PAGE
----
See why a former ATF deputy director thinks he was a victim of retaliation from his own agency on tonight's "AC360" 10 p.m. ET
Dublin, California (CNN) -- For the first 19 years of his career, Vince Cefalu spends most of his time in the field as a special agent for the Bureau of Alcohol, Tobacco, Firearms and Explosives.
But those days are over.
Now, he just sits in his office in Dublin, California, all day, and by his own admission, does virtually nothing. He said it's punishment for complaining and ATF's way of forcing him to quit. CNN gave him a camera to document five days at work.
"After several transfers, suspensions, attempts to terminate me, attempts to attack my credibility and my reputation, the end game was to assign me to this position," Cefalu said.
Five years ago, Cefalu was the lead agent on a racketeering case and complained to his supervisors about what, he says, were plans for an illegal wiretap. ATF disputes his claim and says he's had disciplinary and performance issues.
But since then, he says, ATF has made his life miserable. He has filed a series of grievances and complaints related to his job, which is now overseeing ATF property.
Cefalu blames several managers for the alleged retaliation, but mostly takes aim at Edgar Domenech, the ATF former deputy director.
"For years, Edgar Domenech had been part of the machine that had created this circle of destruction, the self-promotion of the senior managers, with all the perks, and using the agency for the personal playground," Cefalu said.
But, in an ironic twist, Domenech himself claims he was the victim of retaliation.
He told CNN the bureau turned on him after he reported that former ATF director Carl Truscott, his then-boss, was wasting money on the new $207 million ATF headquarters in Washington. His complaints became public after an inspector-general's investigation confirmed the overspending.
"So I realized at that time...that I was taking my career into my own hands," Domenech said. "But I felt morally and ethically, as the deputy director, that was my responsibility. Because if I didn't do it, then nobody else would be able to, because nobody else knew about the specific issues that I did as the deputy director."
After Truscott resigned, the new acting director, Michael Sullivan, demoted Domenech three levels. Domenech is now the special agent in charge of the Washington, D.C. field office.
"I pretty much felt that my value had just been discarded, and that was very demoralizing," Domenech said. "There is a fraternity. There is a brotherhood, sisterhood, sense of family, and I saw my family -- a good number of them -- walk away from me, because they didn't want to get caught up in whatever was going to happen to Edgar, because nobody knew what was going to happen next."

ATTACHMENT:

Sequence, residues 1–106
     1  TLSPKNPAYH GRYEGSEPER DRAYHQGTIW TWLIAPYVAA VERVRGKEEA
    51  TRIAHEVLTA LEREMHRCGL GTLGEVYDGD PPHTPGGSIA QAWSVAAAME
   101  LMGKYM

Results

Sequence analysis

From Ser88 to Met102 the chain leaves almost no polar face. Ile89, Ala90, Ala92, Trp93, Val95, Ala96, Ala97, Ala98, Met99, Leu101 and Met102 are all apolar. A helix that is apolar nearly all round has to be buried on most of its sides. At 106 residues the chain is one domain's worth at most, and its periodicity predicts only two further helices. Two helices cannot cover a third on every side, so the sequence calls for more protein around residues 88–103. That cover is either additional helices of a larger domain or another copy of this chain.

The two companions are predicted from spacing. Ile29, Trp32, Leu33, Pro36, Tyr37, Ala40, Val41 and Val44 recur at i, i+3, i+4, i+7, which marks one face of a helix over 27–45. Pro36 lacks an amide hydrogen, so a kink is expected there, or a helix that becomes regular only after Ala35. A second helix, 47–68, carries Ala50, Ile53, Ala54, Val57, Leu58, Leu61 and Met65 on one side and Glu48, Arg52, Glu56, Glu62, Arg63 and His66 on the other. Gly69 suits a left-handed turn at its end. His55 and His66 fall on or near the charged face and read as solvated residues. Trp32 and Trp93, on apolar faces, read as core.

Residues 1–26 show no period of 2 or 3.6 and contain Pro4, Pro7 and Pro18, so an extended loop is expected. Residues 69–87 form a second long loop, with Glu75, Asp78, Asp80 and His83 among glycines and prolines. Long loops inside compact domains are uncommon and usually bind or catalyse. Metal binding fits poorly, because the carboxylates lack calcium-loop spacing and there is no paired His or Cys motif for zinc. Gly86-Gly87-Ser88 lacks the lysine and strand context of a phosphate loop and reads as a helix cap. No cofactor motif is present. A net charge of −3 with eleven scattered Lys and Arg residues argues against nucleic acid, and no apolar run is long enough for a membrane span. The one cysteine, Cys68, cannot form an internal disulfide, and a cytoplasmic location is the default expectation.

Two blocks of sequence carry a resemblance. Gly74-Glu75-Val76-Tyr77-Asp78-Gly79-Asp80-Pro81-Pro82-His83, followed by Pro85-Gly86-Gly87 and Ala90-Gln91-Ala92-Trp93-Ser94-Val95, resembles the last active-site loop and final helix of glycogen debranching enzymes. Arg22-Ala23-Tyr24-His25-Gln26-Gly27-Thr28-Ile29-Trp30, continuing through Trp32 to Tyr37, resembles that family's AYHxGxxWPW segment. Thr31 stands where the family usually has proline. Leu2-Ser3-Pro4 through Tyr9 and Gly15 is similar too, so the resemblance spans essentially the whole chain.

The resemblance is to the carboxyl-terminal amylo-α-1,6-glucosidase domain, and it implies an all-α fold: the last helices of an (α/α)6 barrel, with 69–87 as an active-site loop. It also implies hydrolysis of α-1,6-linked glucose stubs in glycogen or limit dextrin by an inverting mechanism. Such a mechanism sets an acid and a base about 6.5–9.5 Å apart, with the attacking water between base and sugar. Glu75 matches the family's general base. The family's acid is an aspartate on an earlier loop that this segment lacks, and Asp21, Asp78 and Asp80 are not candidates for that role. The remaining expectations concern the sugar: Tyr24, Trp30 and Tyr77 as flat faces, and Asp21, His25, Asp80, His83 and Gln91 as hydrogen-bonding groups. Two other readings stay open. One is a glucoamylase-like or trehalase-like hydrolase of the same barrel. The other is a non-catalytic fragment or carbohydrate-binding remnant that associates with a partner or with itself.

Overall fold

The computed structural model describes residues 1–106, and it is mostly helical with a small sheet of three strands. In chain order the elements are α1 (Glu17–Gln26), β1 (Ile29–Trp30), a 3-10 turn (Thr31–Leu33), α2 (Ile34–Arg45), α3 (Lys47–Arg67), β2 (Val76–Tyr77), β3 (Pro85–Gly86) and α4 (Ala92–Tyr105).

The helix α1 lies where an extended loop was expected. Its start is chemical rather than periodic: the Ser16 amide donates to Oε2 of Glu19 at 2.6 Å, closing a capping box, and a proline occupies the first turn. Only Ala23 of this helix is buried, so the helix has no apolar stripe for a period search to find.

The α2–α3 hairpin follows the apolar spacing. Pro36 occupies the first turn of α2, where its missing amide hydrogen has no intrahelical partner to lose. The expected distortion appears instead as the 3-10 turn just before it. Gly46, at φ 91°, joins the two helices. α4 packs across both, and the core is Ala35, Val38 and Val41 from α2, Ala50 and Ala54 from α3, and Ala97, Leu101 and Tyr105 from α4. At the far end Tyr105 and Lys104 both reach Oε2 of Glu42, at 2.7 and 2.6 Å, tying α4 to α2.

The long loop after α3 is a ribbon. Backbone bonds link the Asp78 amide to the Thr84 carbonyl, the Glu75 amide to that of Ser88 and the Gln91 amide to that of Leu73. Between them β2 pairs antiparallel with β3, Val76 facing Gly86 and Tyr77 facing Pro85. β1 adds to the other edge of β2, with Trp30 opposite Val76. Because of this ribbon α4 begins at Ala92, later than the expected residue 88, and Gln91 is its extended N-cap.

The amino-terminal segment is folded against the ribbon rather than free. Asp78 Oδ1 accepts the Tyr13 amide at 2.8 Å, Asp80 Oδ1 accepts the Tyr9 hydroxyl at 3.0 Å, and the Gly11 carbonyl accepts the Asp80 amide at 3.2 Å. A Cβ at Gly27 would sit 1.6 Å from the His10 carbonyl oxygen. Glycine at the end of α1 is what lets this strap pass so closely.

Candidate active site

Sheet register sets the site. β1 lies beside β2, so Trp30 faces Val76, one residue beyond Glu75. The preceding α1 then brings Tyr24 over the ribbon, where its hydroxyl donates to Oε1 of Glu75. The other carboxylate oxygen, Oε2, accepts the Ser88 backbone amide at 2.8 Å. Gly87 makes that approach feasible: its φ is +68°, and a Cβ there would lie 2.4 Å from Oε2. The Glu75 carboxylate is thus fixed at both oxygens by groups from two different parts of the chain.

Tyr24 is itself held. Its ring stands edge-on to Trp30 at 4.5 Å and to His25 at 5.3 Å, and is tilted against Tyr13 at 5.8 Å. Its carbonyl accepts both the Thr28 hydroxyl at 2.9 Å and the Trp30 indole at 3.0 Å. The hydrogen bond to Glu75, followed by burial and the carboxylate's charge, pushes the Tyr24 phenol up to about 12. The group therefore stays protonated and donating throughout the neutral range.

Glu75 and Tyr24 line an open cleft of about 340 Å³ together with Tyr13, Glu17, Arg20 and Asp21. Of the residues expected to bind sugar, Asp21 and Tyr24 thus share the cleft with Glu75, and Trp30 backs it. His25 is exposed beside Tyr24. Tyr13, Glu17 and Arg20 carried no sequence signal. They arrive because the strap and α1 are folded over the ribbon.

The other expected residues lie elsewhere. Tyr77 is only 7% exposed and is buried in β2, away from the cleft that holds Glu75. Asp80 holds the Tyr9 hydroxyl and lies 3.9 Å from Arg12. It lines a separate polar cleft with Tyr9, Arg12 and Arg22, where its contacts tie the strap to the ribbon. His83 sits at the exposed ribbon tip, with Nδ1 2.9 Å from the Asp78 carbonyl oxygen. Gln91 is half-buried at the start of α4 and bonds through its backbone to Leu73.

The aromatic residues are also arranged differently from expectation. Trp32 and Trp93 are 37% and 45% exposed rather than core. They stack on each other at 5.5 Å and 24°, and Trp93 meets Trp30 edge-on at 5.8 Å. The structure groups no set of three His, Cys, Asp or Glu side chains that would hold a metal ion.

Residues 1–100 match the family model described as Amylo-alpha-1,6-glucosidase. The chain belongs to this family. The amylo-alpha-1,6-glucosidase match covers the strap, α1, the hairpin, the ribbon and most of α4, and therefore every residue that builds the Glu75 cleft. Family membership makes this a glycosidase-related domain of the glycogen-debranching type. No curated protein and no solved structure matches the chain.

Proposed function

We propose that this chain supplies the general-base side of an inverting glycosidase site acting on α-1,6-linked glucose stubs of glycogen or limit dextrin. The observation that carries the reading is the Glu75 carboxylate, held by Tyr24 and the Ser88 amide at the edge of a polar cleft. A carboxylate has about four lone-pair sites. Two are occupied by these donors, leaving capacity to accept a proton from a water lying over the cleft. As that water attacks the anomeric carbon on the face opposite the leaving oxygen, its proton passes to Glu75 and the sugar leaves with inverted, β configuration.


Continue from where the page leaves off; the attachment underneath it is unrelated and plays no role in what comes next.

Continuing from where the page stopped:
Domenech, who has won numerous awards during his 25-year career at ATF, said: "I won't let the actions of Mr. Sullivan and the way that associates have treated me, dictate when I leave this job. ATF still has the best men and women doing one of the hardest jobs in law enforcement. As a special agent in charge of the Washington field division, I am an advocate for the men and women in Washington field division and I will continue to be their advocate until I don't believe I can bring that value to them, then I'll decide to do something else or retire. But I will not allow how I've been treated, dictate my terms of when I say it's been fun but I've got to go. That's just not going to happen."
Neither Sullivan nor Truscott would comment.
Asked about Cefalu, Domenech said: "I wish Vince nothing but the best."
He added: "I can sympathize with them and I know there are folks who accuse me and blame me for their ills and all I would say is that in any proceedings that have been taken against me, there has not been one where I have been found to have done anything in error or where I've been wrong."
Cefalu said if Domenech could be the victim of retaliation, then it could happen to anybody.
"He was the second highest guy in the bureau," Cefalu said. If he cannot feel comfortable and strong enough and have enough power and position to confront unethical conduct in the government, why should I?"
CNN's Jacinth Planer and Jessi Joseph contributed to this report.
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